I recently came across AS204224 (CJSC Mashzavod-Marketing-Servis, Saint Petersburg, Russia) who had placed six route objects (four /19s and two /21s … that’s 36,000 individual IP addresses) into the RIPE database for unallocated IP address space. I reported this (of course) to RIPE who told me that they would mount an investigation and then at the start of the week they told me the routes had been removed. They were removed briefly yesterday (1 October) and they were promptly put back again by AS204224 !

Anyway — I’ve run a scan of ALL of the routes in the RIPE Database which are for unallocated address space and found 227 examples. Some of them are clearly a failure to clean things up in the dim and distant past, for example is a block which was returned to ARIN and in 2012 ARIN returned it to IANA. I assume that the previous user of this address space “Heller Ehrman” is the international law firm Heller Ehrman LLP which was dissolved in 2008. There’s a number of similar examples.

However, many of the route objects appear to come from companies who have added the route objects in the past few months, for example AS201432 (RapidVDS of Vitry on Seine, France) has a dozen route objects, mainly /24s but also a route object for (an unallocated block of 65536 IPs) which they added in May 2015. Also AS204225 (OJSC Kommunenergo, Kirov, Russia) has 33 route objects of which 29 /22 routes (just under 30,000 IPs) are for unallocated space. These all date from September 2015.

I have published the full list of the anomalies at since I am sure that RIPE will wish to delete any and all of these bogus entries. It’s clear to me (from the rapidity of AS204224 replacing their deleted entries) that some proper hygiene here, in this rather abstruse area of documenting usage of IP address space, is likely to make some difference. It may even (slightly) reduce the amount of spam that we all receive.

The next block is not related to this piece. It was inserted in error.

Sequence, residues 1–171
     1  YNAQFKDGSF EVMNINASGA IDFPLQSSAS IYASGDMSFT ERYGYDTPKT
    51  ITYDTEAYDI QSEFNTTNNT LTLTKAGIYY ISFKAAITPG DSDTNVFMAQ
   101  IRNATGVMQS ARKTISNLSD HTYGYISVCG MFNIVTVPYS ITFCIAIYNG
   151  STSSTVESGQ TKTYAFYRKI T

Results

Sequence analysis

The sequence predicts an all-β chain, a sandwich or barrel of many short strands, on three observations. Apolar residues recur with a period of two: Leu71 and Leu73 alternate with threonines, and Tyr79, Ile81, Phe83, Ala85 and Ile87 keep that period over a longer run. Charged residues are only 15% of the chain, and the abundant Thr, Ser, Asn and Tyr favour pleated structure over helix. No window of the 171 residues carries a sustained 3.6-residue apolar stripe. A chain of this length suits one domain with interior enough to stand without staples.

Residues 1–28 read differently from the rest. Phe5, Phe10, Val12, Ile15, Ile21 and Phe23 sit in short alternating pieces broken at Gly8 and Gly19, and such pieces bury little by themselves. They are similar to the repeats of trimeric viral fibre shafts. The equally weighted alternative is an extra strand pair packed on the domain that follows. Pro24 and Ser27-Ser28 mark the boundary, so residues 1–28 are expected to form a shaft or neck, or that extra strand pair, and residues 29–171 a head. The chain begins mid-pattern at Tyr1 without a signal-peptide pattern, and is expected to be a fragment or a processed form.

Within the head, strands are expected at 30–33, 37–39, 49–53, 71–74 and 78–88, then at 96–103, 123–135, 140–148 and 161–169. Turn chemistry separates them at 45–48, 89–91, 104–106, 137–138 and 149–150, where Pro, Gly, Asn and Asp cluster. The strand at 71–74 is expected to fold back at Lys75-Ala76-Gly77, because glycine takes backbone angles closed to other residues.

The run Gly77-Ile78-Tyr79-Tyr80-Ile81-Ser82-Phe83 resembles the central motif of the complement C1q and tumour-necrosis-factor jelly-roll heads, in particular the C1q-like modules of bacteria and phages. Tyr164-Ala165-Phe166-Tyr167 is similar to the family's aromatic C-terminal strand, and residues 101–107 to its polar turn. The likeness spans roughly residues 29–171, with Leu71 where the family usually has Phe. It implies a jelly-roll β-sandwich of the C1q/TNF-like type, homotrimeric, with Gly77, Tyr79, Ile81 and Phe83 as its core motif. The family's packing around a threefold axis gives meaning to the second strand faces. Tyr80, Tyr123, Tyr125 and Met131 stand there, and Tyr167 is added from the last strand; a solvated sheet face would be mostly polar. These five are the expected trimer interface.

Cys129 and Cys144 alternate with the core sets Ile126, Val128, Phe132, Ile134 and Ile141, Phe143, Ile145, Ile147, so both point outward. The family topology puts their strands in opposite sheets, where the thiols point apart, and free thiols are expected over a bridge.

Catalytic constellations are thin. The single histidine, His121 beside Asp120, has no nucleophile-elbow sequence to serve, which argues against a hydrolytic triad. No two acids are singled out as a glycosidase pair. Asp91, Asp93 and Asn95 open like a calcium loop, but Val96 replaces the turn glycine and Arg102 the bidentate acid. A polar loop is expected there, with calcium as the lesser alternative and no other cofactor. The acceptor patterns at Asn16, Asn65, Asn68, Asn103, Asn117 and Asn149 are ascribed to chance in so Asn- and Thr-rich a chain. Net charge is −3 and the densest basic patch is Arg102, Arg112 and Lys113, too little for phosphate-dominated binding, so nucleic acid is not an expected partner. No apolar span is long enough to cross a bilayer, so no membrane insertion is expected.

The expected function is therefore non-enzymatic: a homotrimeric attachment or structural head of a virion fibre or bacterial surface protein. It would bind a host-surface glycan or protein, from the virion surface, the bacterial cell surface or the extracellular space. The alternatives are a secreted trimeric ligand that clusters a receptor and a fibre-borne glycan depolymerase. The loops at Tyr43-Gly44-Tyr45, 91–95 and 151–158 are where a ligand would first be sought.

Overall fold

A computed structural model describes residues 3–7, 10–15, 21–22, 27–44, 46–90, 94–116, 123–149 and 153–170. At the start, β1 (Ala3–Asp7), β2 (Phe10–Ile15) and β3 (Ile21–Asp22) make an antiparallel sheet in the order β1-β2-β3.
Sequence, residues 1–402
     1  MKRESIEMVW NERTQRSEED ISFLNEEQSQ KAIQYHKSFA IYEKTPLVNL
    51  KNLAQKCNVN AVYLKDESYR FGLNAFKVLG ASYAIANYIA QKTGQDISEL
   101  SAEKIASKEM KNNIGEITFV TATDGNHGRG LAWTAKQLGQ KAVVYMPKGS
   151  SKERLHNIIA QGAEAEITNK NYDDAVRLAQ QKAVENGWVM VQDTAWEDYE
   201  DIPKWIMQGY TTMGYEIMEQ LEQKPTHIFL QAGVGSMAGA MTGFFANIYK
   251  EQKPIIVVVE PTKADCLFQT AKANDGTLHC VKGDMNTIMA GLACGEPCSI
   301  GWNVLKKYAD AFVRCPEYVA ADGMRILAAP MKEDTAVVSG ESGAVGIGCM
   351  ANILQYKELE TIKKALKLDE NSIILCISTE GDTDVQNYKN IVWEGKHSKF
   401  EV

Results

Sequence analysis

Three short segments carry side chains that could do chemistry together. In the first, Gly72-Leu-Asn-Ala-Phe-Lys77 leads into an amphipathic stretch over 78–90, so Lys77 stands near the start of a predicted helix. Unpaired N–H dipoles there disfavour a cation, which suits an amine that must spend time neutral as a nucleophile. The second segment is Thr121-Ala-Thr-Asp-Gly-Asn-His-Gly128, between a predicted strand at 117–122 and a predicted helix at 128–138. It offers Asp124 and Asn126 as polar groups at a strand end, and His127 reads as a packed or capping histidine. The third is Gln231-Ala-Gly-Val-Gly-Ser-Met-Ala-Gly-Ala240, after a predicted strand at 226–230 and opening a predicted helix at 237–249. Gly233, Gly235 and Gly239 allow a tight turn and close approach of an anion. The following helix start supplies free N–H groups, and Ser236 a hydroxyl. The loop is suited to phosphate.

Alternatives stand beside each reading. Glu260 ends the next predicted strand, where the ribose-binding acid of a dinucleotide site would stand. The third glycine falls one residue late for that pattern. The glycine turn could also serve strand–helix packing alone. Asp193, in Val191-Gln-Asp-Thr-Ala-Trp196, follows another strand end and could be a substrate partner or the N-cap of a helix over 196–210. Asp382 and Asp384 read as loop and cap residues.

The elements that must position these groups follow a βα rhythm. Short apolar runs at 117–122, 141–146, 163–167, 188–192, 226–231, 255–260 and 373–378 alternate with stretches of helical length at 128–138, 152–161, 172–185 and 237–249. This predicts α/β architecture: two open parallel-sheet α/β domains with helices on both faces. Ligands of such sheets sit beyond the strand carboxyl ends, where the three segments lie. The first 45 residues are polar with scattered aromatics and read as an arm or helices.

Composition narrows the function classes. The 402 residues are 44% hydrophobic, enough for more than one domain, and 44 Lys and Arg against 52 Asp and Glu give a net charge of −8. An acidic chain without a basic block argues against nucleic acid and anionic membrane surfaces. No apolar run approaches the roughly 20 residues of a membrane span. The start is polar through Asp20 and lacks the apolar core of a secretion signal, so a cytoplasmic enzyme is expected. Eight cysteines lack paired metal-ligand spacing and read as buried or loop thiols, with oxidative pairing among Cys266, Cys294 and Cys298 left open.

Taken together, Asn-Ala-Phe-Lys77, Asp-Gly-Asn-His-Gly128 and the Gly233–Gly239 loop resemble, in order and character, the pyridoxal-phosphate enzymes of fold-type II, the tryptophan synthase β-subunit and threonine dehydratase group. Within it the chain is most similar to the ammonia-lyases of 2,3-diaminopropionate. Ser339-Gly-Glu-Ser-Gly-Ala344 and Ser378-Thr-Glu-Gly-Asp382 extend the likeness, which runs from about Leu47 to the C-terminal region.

3 thoughts on “Badness in the RIPE Database

  1. The two JANET (AS786) entries in my list (which were remnants of ancient activity, and not in the least bit bad) have now been removed. So just 225 inappropriately recorded routes to go!

  2. Thanks for the analysis and for bringing these facts into the light of the day!

    Just one minor nit to pick: the entity you refer to as “RIPE” is actually the “RIPE NCC”.
    The term “RIPE” refers to the community in the RIPE NCC’s service region.

    And of course I’ll check our neck of the woods based on your list…

  3. good work, looking into this – it needs to be dealt with because it has some nasty real-world consequences in terms of prefix propagation in the DMZ.

    Also, it should be borne in mind that nearly all IRRDBs have this problem. The RIPE IRRDB is one of the ones which is less affected by this problem because you can only create route / route6 objects for non RIPE-region address space in it. If you attempt to create objects referring to RIPE-region address space, you need authentication from the resource holder, i.e. a password or pgp key, etc.

    The RIPE IRRDB is one of the only IRRDBs out there with hierarchical authentication.

Leave a Reply

Your email address will not be published. Required fields are marked *